Use this URL to cite or link to this record in EThOS: http://ethos.bl.uk/OrderDetails.do?uin=uk.bl.ethos.641124
Title: Neurophysiology of the subthalamic nucleus
Author: Atherton, J. F.
Awarding Body: University of Edinburgh
Current Institution: University of Edinburgh
Date of Award: 2001
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Abstract:
Possibly as many as half the neurones in the STN have an axon collateral with branches off from the main axon and reinnervates the nucleus. This suggests that rather than working autonomously as was previously thought, the neurones of the STN can operate together as a network. Computer models of the STN showed that the level of interconnectivity within the STN would be huge, even if each axon collateral only contacted a small number of the total neurones with dendritic fields that overlapped with it. A network model showed that such a system was capable of switch-like behaviour. At low levels of activity the neurones would act autonomously. However, excitatory inputs could increase the degree of non-synchronous correlation between the activity of neurones in the STN leading them all to enter a high activity state. A single cell model was then developed in order to look at how this high activity state could be terminated. An interesting problem arose in the construction of this model; no known kinetics for the voltage-gated sodium and potassium channels could replicate the high frequency (500Hz) firing rates that are obtained by STN neurones. Intracellular recordings were made in vitro to investigate the mechanisms underlying high-frequency firing in the STN. Using a two-pulse protocol the speed of recovery from inactivation was measured giving an estimate of the inactivation characteristics of the ion channels in these neurones. These experiments showed that the neurones have very slow inactivation kinetics suggesting that STN neurones may have a much shortened refractory period, enabling high frequency firing. Such a mode of operation requires a large, fast potassium current. A potential candidate for this current is the Kv3.l potassium channel, which is strongly expressed by STN neurones.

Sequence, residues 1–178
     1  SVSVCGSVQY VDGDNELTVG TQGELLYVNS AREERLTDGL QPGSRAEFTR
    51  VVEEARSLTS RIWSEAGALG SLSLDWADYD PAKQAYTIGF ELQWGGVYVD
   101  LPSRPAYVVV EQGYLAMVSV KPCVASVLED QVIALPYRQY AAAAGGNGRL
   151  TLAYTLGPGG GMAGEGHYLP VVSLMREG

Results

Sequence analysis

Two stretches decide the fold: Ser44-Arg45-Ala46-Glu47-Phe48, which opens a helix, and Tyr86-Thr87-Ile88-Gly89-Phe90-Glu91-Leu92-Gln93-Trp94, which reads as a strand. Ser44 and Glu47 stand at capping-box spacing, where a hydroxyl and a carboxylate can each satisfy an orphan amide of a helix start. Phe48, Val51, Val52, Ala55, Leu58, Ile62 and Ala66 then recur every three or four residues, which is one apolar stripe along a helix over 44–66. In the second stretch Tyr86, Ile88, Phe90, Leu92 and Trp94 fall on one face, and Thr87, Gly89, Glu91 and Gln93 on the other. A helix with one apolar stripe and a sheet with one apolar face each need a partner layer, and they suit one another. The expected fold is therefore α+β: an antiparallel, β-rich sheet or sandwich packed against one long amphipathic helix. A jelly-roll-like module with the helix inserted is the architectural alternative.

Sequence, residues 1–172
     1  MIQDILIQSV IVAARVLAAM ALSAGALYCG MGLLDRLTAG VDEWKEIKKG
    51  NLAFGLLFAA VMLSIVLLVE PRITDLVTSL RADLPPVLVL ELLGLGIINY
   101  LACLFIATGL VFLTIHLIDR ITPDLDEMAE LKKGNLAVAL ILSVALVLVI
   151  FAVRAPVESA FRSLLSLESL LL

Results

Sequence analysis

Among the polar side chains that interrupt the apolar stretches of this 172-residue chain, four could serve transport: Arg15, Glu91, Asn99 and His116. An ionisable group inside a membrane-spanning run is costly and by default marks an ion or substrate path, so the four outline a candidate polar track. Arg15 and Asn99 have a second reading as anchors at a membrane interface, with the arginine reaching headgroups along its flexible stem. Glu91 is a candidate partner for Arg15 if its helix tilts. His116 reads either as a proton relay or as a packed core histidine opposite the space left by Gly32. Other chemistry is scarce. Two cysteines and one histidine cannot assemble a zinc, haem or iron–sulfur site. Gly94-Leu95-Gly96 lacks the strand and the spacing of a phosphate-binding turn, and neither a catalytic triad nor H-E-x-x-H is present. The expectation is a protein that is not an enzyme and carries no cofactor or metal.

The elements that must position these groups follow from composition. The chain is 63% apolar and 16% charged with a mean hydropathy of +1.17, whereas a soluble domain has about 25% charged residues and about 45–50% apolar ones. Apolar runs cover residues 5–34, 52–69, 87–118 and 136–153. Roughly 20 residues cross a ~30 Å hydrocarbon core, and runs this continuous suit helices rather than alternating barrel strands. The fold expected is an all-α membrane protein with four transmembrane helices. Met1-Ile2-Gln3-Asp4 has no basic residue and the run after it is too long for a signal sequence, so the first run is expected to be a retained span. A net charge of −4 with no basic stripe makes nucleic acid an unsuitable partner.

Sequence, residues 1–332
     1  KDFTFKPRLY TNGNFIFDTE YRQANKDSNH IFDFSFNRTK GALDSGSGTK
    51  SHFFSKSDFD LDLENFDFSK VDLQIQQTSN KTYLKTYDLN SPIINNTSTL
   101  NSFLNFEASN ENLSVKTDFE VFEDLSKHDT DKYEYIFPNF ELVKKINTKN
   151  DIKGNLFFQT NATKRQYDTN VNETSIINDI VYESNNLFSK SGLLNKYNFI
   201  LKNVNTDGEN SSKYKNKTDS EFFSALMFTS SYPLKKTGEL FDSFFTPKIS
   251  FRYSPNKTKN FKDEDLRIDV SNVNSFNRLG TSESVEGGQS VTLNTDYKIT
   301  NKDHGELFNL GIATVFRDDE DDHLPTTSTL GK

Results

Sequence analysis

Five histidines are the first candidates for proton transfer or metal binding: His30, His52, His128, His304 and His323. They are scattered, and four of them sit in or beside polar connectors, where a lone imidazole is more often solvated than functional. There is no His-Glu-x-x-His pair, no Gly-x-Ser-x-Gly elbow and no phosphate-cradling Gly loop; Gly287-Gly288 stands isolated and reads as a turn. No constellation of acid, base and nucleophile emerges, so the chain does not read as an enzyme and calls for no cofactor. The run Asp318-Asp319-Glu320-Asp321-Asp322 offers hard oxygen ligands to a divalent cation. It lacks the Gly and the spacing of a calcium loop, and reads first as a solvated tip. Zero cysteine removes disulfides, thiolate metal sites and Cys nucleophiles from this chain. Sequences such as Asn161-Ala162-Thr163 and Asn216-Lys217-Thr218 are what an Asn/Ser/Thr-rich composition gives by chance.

Supervisor: Not available Sponsor: Not available
Qualification Name: Thesis (Ph.D.) Qualification Level: Doctoral
EThOS ID: uk.bl.ethos.641124  DOI: Not available
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